All in all a successful outing. Not once did I feel the need to assemble any of the rods I'd brought with me even when confronted with a large school of "muddling" carp at the ponds. In the coming weeks I expect these quiet areas along the river to become a circus of greed with the uneducated vying for a trophy at any cost. I can't help that...but I've now successfully scouted out my own private slice of heaven, pretty much guaranteed to insulate me from the hordes and the subsequent slaughter.


  1. Well i cant get the video link to work, But what a great place and lots of wild life and insects, The old toad looks as though its been chewed and spat out haha,
    I will take another look at the video later, Just not available at the moment, Well TC is holding a good fish and the GPW is on his line, Ive been tempted to make on for the Pike haha,

  2. The photos of the little critters are wonderful'

    Good stuff, John.

  3. John
    Those are some awesome looking streams, those are the kind of streams I like to fish because they look untouched. Some of those images are worth framing. Great Post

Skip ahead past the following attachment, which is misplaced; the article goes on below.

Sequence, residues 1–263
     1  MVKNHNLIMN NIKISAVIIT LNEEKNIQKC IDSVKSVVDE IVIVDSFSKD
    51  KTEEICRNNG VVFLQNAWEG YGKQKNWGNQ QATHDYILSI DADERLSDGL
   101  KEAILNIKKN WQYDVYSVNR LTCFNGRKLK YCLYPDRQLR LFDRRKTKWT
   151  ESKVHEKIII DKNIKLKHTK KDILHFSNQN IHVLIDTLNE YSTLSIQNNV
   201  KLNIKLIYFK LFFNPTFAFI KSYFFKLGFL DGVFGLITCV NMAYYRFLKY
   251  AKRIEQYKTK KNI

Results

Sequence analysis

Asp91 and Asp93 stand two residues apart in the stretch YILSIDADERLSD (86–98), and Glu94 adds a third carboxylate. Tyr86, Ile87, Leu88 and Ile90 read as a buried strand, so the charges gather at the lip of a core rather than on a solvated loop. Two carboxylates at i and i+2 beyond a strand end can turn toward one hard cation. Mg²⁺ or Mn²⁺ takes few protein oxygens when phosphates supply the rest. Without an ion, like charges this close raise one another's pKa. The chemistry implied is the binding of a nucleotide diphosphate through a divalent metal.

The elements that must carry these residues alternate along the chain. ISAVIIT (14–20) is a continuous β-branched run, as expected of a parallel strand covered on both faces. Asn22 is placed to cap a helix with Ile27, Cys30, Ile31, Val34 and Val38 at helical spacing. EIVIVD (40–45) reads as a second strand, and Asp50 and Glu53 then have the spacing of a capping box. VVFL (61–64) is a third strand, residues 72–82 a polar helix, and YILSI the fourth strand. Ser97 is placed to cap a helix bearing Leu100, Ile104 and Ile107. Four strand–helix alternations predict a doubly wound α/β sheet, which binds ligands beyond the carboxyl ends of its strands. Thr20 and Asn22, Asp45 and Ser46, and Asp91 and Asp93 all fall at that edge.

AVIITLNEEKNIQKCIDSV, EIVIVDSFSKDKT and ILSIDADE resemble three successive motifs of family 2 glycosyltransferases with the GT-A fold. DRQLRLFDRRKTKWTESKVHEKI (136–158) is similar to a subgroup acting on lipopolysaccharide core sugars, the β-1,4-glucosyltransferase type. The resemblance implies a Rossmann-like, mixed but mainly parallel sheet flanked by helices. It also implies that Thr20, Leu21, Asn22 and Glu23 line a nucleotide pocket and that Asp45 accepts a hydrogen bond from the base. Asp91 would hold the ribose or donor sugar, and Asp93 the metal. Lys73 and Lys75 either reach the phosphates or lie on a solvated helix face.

4. I can see it was well worth the peddling back up the hill. Too bad about the pigs that left the worm cartons, but they're everywhere.


  5. Hi there,

    First time seeing your blog, it's a great one, congratulation.

    And nice bass by the way.
    I use to fish for them as a kid, but there is none where I wet my lines now.

    Have a good day.

  6. Hi! Very nie day with nature around. I agree - photos are awesome!

    Could you e-mail me at ?
    I have a little proposition for ou.

    Jarek (Fishing in Poland)

  7. Wow those are some really great photos. Makes me feel like I'm right there scoping out those sweet streams. Great wildlife captures as well. Looks a great way to escape the beast of society and not needing to travel very far to do so. Thanks for sharing. Tight Lines.

  8. You seem to have a wonderful knack of finding those creepy crawlies.

  9. It is amazing what we can find in our back yards. Typically it is the tourist who take the time to find the unspoiled spots. Good on ya for looking at home first.